Many privileges are brand-new for the students of the Class of 2017 with the induction of their white blazers. Going off campus for lunch? New. Wearing college sweatshirts and T-shirts? New.
There’s another privilege, however, that’s an upgrade for the Class of 2017 from last year: parking. At the beginning of the year, the seniors voted for the parking system.
The two choices were having either a system of assigned parking spots, or a first- come- first-serve mechanism that had been in place temporarily since the beginning of the year. Form IV Dean Rebekah Calhoun sent out a SurveyMonkey in September, requesting the opinion of the grade.
Because the results were split pretty evenly down the middle, Calhoun decided to go with the assigned spots system, announcing the decision via email. Through a lottery system, seniors now have their assigned spots. Or, supposedly they do: there have been a few times when, due to tardiness or possibly lack of desire to make the trek from the mid-70s spots, the system hasn’t quite been followed.
Some seniors might have been considered “lucky” (Peyton Smith, Parking Spot #1) or “unlucky” (sorry Jessica Wang, Parking Spot #83). No matter these external considerations, it was the fair way to do it.
And for the love of all things plaid and holy, The Fourcast would like to emphasize one precept: stick to the rules.
The system exists for a number reasons, in both the realms of security and organization. Even if there’s no formal punishment for deliberately parking in the wrong spot, we need to recognize that a problem exists, always the first step in resolving the issue.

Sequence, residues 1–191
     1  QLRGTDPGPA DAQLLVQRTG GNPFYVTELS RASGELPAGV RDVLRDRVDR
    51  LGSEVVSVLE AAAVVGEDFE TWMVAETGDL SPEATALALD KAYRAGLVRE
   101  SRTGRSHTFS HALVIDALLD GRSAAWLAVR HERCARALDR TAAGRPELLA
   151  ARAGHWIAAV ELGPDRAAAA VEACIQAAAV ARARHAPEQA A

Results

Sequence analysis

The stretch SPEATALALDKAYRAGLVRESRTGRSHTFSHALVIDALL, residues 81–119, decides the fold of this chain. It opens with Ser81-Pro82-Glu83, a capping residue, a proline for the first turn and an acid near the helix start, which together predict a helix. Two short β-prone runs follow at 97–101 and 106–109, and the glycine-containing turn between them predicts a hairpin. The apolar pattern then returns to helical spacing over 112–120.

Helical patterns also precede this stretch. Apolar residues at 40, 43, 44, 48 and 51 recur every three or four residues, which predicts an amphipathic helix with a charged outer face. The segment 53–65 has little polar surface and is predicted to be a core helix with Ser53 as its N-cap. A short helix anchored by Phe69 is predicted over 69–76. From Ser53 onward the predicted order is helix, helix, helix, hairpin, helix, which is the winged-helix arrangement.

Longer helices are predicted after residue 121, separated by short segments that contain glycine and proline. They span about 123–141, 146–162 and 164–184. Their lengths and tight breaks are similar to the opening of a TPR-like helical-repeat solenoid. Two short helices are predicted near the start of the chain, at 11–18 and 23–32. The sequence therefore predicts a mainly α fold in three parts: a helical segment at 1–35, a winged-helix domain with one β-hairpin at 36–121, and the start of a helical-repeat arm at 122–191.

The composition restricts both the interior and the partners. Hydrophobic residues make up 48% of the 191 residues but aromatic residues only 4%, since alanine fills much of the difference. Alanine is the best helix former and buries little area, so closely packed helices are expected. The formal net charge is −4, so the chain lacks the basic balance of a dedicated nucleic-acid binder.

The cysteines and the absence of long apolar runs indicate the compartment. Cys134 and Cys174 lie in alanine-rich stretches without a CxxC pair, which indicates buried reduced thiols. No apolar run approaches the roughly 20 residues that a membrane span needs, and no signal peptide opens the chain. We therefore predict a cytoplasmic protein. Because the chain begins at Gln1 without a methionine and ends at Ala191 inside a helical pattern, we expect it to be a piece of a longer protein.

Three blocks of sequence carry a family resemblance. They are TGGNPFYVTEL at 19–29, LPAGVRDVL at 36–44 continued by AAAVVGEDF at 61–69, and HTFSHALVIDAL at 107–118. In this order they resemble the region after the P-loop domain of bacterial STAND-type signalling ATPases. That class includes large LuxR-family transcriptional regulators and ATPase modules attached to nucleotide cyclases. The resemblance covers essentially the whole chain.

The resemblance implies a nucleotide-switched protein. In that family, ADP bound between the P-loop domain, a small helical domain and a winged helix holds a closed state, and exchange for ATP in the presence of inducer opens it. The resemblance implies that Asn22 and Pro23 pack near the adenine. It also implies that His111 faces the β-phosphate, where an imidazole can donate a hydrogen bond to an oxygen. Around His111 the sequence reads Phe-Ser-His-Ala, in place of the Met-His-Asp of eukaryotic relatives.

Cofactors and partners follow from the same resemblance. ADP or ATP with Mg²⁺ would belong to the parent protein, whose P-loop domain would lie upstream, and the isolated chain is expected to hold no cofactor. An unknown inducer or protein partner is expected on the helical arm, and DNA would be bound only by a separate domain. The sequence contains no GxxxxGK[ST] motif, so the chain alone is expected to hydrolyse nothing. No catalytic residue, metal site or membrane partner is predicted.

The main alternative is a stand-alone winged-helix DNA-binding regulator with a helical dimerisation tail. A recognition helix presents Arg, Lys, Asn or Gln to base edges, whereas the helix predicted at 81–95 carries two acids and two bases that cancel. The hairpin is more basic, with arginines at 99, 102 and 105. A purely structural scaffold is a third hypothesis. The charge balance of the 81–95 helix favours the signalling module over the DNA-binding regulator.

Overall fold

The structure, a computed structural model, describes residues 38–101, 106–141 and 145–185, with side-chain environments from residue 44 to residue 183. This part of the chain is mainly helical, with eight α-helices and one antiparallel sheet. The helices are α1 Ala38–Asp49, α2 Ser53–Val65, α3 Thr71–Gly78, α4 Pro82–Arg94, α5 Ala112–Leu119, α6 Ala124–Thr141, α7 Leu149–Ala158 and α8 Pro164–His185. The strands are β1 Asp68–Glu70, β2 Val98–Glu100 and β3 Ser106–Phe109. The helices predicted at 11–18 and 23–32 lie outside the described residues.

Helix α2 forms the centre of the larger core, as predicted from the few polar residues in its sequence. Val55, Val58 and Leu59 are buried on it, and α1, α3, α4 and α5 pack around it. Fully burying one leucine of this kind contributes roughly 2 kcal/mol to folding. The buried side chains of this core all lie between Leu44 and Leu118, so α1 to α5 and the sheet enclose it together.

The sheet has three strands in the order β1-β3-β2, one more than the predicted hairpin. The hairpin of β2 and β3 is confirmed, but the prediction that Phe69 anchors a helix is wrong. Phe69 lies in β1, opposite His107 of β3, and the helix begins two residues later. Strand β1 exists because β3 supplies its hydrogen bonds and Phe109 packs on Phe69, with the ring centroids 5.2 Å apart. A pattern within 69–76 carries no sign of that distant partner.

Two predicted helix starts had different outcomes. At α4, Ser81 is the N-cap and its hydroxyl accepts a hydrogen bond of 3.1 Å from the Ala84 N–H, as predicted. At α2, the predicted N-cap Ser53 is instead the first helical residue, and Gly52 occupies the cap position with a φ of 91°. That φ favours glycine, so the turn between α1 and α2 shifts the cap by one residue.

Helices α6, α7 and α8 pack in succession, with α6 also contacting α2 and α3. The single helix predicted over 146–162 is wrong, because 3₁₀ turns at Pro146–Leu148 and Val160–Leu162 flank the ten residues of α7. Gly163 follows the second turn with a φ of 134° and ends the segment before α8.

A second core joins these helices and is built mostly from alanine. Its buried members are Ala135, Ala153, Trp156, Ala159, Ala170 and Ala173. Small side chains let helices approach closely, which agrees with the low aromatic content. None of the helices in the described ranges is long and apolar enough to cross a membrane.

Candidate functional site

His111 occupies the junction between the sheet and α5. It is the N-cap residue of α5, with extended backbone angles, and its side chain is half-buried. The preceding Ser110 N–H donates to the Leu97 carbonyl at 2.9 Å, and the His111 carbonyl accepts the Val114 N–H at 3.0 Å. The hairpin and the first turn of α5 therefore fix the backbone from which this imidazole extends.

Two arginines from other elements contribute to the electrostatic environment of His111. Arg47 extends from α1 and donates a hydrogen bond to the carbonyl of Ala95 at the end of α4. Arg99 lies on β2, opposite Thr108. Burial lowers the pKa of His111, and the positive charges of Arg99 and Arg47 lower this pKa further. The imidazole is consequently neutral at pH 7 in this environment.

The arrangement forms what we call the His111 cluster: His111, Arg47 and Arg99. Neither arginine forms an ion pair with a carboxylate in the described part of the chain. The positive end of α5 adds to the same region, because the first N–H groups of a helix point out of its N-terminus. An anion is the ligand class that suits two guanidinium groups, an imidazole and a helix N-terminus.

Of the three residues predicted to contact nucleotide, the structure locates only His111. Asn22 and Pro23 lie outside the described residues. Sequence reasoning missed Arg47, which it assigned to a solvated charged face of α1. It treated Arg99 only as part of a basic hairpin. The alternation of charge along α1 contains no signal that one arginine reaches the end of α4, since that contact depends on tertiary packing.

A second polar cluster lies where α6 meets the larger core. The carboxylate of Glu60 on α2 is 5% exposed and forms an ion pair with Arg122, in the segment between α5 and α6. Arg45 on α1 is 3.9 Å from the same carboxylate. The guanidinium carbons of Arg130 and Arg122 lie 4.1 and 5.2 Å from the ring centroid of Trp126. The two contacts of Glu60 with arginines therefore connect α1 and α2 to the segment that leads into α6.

But we also need to uphold a system of accountability regarding assigned parking spots. If you see an unfamiliar car in your spot, report the occurrence to security and Calhoun, even if the car belongs to a friend or someone you know. Furthermore, if you know the owner of a car that’s inhabiting the incorrect spot, just follow up with them and lightly remind them of the importance of the parking system.
This parking issue is just one example of a more overarching problem that seems to afflict most aspects of our lives. Take assemblies, for instance; another time when we have assigned places to maintain themselves, though then it’s the seats our advisories sit in.
When people don’t fill in the seats all the way, the auditorium turns into a whirlpool of displaced teachers and students. Do you want to be responsible for making Latin teacher Andre Stipanovic stand during a 30-minute long meeting? No, you do not.
Furthermore, this chaos again disrupts a system that exists for a reason – attendance. By sitting in the incorrect spot, you’re not only displacing teachers and forcing them to stand, but you’re also allowing individuals to possibly skip assemblies without consequence.
It’s not just Hockaday students who have an aversion to following the rules. Has anyone noticed that some adults are allergic to their turn signals? Performing such a small action makes the roads much safer.
The consequences of following rules versus the time saved when cutting corners just don’t cancel each other out.
We’re not quite at the whole. “Time to reinvent myself!” season that comes with the New Year, but as we (and hopefully the temperature) shift from fall to winter, it could be time to reevaluate the respect, or disrespect, that we hold for the rules.
It may have been easier to follow these rules in September, when the school year is still shiny and new, but as we round the corner into the second quarter, there’s still time to x any bad habits that remain.
Rules don’t always make sense and they’re certainly not always fun to follow, but usually, they just make life that much easier, and who could complain about that?
– Maria Katsulos – Business Manager –